A typical day in business (and in life) contains a curve ball or two that throws you off our plan.  A customer complaint gets elevated to you, an employee matter erupts, negative press on social media requires an all-hand-on-deck meeting, an urgent project from the CEO lands on your desk, an unexpected expense requires your time to reallocate resources, a call from school asking you to come now to pick up your sick child. 

These unexpected demands on your time and energy create days that can feel busy yet unproductive. You feel drained without the satisfaction of feeling accomplished. It's a lose-lose.  Since you can expect these unexpected demands, how can you ever feel victorious at the end of the day?

The trick is to declare victory by noon every day.  Start by identifying your "one thing" for the day.  Your "one thing" has a two-sided definition.  If you accomplish it, even if lots of other things do not get accomplished, your day is still a victory.  If you do not accomplish it but get lots of other things done, your day is still a failure. 

All tasks are not created equally.  Each task has relative impact on your most important goals. Unfortunately, is it easy to be seduced by tasks that are easy to complete because they provide an immediate sense of accomplishment even though that are not helping you move the needle toward your most important goals.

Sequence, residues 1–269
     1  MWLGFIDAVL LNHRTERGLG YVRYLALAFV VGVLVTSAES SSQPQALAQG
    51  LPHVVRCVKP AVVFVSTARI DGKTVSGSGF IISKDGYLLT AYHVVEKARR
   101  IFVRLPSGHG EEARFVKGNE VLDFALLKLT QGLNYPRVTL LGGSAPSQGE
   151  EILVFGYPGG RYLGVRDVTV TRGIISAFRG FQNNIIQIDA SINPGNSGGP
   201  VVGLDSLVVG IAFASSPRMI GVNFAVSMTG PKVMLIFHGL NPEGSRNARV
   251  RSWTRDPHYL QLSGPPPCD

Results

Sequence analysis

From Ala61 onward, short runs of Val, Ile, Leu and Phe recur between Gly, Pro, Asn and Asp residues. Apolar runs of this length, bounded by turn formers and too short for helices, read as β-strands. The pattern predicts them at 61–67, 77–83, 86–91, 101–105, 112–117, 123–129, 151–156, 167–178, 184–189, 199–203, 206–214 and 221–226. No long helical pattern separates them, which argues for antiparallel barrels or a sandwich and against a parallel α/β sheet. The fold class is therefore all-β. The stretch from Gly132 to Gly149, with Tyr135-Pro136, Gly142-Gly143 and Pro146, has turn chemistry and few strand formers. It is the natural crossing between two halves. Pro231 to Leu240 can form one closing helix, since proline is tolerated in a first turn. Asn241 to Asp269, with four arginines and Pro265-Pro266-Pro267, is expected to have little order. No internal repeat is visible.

For example, let's say that a new project management system you must roll-out by year-end is your one thing, but lots of little daily demands predictably chip away at your time.  If you let this persist, you will complete many tasks but will have been unproductive by year-end because those tasks robbed time and energy from your most important goal - to roll-out the new system. Those things that are most important rarely feel urgent until they become urgent, and that is not a fun or victorious day.

I am not suggesting that you eliminate all other tasks; rather, simply schedule your high-impact tasks.  Even though these tasks might not be as fun or interesting as other tasks, the feeling of victory by noon is worth it. Try checking your email in the morning, then not checking it again until you have completed your "one thing" for the day. I realize most people start feeling queasy just thinking about that concept.  I am not opposed to email at all if it does not prevent you from achieving your most important goals.  It took me personally experiencing the dark side of email obsession to recalibrate my "one thing" each day.

The daily planning transcends your work goals.  Consider what it takes for you to declare victory personally and professionally by noon.  Is exercise, prayer/quiet time or reading important to you personally?  If so, plan your day to do those tasks even before you start your work day.  If I get my workout and quiet time done in the morning, I count my day as a victory even before my work starts!

Once you declare victory by noon, you will find yourself more relaxed and better able to effectively handle unexpected tasks in the afternoon.  Even with a horrible afternoon, you are still victorious by the end of the day. 

Games are won by preparation, and champions are made through preparation.  So, prepare for victory each day.  Not only will you declare daily victories, but they will accumulate into project, career and life victories.